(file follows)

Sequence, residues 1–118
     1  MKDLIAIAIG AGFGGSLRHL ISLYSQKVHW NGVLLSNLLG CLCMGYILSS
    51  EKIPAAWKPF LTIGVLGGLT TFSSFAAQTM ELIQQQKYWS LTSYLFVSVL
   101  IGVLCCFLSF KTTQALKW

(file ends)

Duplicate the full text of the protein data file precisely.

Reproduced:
Sequence, residues 1–118
     1  MKDLIAIAIG AGFGGSLRHL ISLYSQKVHW NGVLLSNLLG CLCMGYILSS
    51  EKIPAAWKPF LTIGVLGGLT TFSSFAAQTM ELIQQQKYWS LTSYLFVSVL
   101  IGVLCCFLSF KTTQALKW